77% of Canadians with Mild Hearing Loss
Don't Know They Have Hearing Loss
Over half (51%) of Canadians between the ages of 40 and 79 have at least mild hearing loss, but 77% of them don't even realize they have hearing loss, according to a 2019 study from Statistics Canada.
The study used data from the 2019 Canadian Health Measures Survey to compare people with a measured hearing loss found through hearing tests to the number of people who reported having hearing impairment, used a hearing aid, or who had ever been diagnosed with hearing problems.
The number of people whose hearing loss was obvious on a test was significantly larger than the number of people who reported having hearing problems.
So if you are good at doing math that means 39.3% of Canadians between 40 and 79 have at least mild hearing loss and don't know they have it.
Part of it is Denial
“We realized that three quarters of people, essentially, had an unperceived hearing problem,” said Didier Garriguet, a principal researcher at Statistics Canada. “Those individuals that typically seek help for their hearing are those that have more severe hearing loss where there is a direct impact to their communication,” he said.
The people who suffer from mild hearing loss often don't know they have it, or dismiss it as so minor as they think it isn't an issue for them. Thus they don't do anything about it, or refuse to do anything about it.
People were also more likely to have what Statistics Canada called “unperceived hearing loss” if they only had hearing loss in one ear, reported having good overall health and didn’t work in a noisy environment. Hearing loss that was more mild also tended to pass unnoticed, and consequently untreated.
Those with other hearing issues, like tinnitus, were more likely to notice overall hearing loss, Garriguet said, perhaps because they’re paying more attention to their hearing health and want to get rid of tinnitus. Thus they have their hearing tested to determine how to get rid of the tinnitus and end up learning they have also suffered hearing loss.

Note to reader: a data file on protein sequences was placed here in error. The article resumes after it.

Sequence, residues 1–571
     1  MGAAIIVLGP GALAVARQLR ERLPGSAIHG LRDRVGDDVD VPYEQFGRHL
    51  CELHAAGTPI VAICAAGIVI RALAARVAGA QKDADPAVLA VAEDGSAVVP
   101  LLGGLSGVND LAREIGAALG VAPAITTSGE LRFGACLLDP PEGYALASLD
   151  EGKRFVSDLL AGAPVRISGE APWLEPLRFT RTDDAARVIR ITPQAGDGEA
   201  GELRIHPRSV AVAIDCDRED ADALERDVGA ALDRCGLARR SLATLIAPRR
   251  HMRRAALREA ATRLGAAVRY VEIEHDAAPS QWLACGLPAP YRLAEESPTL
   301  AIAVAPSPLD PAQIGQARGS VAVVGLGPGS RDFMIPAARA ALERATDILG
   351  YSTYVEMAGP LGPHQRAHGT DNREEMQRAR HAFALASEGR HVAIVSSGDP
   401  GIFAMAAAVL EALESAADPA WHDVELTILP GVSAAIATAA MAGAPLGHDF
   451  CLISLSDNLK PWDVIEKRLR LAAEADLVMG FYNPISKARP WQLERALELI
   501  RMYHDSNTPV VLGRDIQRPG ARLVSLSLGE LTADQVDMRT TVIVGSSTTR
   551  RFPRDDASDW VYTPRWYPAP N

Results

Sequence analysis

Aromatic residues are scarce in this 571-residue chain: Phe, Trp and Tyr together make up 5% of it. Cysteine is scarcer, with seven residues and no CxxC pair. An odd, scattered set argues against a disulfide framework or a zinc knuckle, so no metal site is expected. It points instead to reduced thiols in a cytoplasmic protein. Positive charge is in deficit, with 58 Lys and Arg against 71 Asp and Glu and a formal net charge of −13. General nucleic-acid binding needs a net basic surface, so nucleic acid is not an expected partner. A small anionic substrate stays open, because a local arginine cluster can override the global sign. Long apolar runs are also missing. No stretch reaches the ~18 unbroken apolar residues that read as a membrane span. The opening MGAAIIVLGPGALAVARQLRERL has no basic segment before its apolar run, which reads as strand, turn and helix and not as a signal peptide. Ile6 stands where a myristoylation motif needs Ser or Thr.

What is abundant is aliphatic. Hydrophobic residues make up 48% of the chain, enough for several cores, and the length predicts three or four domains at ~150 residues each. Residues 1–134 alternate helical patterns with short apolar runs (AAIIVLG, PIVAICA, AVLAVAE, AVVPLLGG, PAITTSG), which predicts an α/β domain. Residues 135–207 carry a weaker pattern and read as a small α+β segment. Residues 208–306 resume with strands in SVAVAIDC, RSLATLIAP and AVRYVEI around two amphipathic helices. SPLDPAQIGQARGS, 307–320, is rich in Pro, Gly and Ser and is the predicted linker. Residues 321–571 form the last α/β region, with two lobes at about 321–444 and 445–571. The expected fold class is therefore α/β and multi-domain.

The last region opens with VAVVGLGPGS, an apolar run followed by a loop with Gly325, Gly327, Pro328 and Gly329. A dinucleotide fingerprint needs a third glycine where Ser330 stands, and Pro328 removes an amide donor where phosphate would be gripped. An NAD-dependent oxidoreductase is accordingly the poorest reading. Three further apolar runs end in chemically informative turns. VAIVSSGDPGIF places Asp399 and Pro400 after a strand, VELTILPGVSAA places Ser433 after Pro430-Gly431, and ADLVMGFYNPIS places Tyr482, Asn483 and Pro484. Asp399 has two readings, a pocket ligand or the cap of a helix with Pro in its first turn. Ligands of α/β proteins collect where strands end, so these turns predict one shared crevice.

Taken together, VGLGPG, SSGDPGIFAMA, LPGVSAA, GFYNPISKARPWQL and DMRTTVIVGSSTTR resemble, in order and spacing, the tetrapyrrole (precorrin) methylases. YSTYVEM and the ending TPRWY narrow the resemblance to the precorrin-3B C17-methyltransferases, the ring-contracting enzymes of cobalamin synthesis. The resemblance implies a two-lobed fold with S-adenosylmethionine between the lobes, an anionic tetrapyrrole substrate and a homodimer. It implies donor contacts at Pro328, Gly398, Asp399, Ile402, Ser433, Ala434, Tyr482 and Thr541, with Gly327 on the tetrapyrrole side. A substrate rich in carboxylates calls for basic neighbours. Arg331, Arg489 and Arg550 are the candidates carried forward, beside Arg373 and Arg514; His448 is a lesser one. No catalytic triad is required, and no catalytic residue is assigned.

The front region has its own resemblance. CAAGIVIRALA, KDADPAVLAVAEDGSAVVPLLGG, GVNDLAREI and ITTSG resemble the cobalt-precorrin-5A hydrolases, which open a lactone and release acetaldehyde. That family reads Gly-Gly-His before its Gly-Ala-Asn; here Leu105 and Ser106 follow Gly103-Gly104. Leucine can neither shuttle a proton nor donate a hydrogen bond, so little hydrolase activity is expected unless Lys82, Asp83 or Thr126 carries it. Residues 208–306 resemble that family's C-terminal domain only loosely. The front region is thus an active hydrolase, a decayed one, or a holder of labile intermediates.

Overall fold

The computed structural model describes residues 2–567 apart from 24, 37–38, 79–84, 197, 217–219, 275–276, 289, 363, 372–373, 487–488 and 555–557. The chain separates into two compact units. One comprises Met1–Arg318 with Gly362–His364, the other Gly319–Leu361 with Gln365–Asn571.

Dave Gordey, president of the Canadian Academy of Audiology, said he wasn’t surprised by the study results.
Mild hearing loss is around a 10 or 15 per cent loss of hearing acuity, he said, where “in quiet one-on-one conversations with someone that is three to six feet away from you, you may have a little difficulty in understanding what they’re saying.”
That difficulty, he said, would be exacerbated by a noisier environment, where you’d have even more trouble understanding someone - and thus could be dismissed as the room being too loud and not the listener having difficulties due to hearing loss.
There are many reasons why somebody might not know their hearing was deteriorating, he said, though one of the biggest might just be that it happened slowly.
“If these changes are happening very gradually due to aging and if they can control their listening environment where they might be able to get a little bit better audibility or get a little bit closer to that speaker, they may feel that they’re hearing just fine,” he said.
“Just like you would go to the doctor to have a physical once or twice a year, you should also have your hearing checked. We’re trying to encourage family doctors to talk to their patients and say, ‘By the way, you’re now over 50. Have you ever had your hearing checked?’”
If you live in Woodbridge or Vaughan you can have your hearing tested today. In Vaughan or Woodbridge, just phone Omni Hearing (905-605-4593) today to schedule an appointment to get your hearing tested.
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